“What we are seeing unfold in the Amazon is very worrying,” he continued, stating that the length of the forest’s dry season has grown by three weeks in the past 40 years. “In areas that are heavily deforested,” he said, “it’s even longer — close to four weeks.”

The moral implications were clear for local and indigenous peoples who depend on the Amazon for their survival, one panelist intoned.  

“These people didn’t cause the problem, yet they face the price,” said Gabriel Quijandría, Peruvian vice minister for strategic development of natural resources. “That is absolutely inadmissible.” 

Fixing the Amazon, said Thomas Lovejoy — a distinguished conservation biologist often referred to as the “godfather of biodiversity” — must be a collective effort. “It’s not reasonable to expect Amazonian countries to pay for everything that has been done,” he told the panel. “Wealthier countries must contribute.”

As the conversation proceeded, another “tipping point” seemed to beckon: a shift in how the world views the Amazon.

“Suddenly the Earth is under so much pressure that we need to redefine the global commons,” Rockström said. No longer simply Brazil’s or Bolivia’s or Colombia’s problem, he said, the health of the Amazon — indeed, all of Earth’s remaining natural ecosystems — is “everyone’s preoccupation.” 

Rockström quoted Laudato Si: “Humanity still has the ability to work together in building our common home.”

Another panelist, Peruvian indigenous leader Fermin Chimatani, echoed that sentiment. “Humanity is destroying God’s creation,” he said. “We are destroying the ‘common house,’ what we call it in our language.”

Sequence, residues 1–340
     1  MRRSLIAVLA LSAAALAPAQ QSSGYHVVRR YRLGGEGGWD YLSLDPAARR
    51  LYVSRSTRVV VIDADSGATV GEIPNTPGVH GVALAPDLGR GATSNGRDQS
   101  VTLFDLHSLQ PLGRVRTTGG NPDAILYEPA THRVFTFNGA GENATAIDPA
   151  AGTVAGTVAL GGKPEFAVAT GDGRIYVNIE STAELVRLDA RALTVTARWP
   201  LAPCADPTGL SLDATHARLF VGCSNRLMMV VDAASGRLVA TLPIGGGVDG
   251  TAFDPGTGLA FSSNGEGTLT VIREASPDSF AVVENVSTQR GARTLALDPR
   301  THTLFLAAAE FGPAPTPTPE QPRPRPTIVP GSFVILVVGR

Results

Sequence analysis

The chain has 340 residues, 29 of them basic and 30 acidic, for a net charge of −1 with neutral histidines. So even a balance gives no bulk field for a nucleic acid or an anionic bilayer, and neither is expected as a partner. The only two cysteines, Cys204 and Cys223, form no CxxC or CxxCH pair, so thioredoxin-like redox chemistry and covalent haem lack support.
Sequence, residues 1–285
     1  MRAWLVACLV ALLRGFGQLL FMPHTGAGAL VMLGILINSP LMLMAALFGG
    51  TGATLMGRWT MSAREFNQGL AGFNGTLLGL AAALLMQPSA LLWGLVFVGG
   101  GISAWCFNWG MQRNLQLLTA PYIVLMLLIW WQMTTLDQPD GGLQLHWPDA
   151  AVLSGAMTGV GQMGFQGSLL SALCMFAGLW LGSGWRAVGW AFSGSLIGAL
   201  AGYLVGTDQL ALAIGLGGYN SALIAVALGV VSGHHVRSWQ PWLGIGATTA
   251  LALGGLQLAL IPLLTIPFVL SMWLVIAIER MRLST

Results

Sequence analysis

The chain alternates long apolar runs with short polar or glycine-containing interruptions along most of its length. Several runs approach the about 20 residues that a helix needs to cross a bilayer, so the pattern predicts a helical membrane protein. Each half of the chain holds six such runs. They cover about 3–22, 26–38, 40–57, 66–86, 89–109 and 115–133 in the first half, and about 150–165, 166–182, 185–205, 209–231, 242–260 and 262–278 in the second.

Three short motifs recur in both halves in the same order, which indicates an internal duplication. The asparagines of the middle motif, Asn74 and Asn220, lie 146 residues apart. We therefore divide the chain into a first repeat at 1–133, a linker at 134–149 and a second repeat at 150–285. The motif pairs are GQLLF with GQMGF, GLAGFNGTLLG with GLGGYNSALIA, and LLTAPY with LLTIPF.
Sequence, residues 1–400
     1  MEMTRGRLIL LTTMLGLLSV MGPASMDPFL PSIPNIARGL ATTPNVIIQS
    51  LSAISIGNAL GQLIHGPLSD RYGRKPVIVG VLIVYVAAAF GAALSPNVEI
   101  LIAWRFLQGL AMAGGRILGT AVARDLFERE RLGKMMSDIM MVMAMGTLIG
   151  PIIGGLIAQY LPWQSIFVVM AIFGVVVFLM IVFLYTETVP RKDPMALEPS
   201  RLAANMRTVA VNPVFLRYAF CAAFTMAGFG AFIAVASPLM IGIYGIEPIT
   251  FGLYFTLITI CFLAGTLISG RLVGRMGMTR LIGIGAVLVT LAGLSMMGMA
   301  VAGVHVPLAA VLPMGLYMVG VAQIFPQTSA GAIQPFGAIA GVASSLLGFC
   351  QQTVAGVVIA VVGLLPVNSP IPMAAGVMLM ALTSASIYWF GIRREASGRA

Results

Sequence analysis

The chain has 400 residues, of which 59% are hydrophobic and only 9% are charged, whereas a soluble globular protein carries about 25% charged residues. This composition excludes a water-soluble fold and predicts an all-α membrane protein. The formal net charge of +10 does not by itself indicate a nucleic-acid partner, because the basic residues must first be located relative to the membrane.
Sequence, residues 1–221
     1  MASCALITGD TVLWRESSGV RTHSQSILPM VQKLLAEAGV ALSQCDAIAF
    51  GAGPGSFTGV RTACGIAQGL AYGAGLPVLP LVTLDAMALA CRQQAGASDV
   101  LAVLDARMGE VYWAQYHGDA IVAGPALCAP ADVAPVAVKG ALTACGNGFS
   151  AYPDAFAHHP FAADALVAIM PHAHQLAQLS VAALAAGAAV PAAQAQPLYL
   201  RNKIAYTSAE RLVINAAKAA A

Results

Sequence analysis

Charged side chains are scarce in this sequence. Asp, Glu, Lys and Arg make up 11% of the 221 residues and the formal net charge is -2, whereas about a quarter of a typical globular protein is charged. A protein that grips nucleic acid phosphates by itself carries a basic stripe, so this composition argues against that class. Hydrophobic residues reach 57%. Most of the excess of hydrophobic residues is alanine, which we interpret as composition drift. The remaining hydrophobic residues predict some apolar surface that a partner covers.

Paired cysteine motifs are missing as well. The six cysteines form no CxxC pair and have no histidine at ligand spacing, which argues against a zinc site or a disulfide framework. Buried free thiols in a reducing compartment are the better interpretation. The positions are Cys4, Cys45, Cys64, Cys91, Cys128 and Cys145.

The question, ultimately, “is not nature but human activity,” said panelist Monsignor Marcelo Sánchez Sorondo, an Argentine Catholic bishop and the current Chancellor of the Pontifical Academy of Sciences and the Pontifical Academy of Social Sciences. 

“We can change,” he said. “But if we do not, we will all suffer for the loss of the Amazon.”

It’s an emergency 

At a panel discussion earlier in the day, alongside the Club of Rome, Rockström helped to launch the Planetary Emergency Action Plan, making the case for declaring a planetary emergency and providing policy options for addressing climate change, biodiversity loss and human well-being. 

Calling for an emergency may sound drastic, Rockström said, but it was necessary.

“The kind of incremental change that governments are currently suggesting is just not taking the planetary change seriously. And we will fail to secure the future of humanity if this behavior continues.”

“We do not take a declaration of planetary emergency lightly. It’s such a serious step that we can only do it once.”

Quotes from Monday 

“Our trade agenda must be consistent with our climate agenda. We must end imported deforestation.” — French President Emmanuelle Macron

“Disaster response is going to be at the core of our sustainability efforts — the question is, how do you take learning about [extreme weather] events to think about the long term?”   — Ben Jordan, Senior Director, Environmental Policy, Coca-Cola Co.

“In the past, problems with nature were understood as a punishment from God. In reality, the sin is to damage nature — environmental damage is not a punishment from God, it is the sin itself!” — Gabriel Quijandría, Peruvian vice minister for strategic development of natural resources

What’s next 

Tuesday is Day 2 of the climate summit, with more side events and announcements expected. Check this space for updates. 


Bruno Vander Velde is the senior communications director for Conservation International

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Cover image: The Essequibo River, the longest river in Guyana. (© Pete Oxford/iLCP)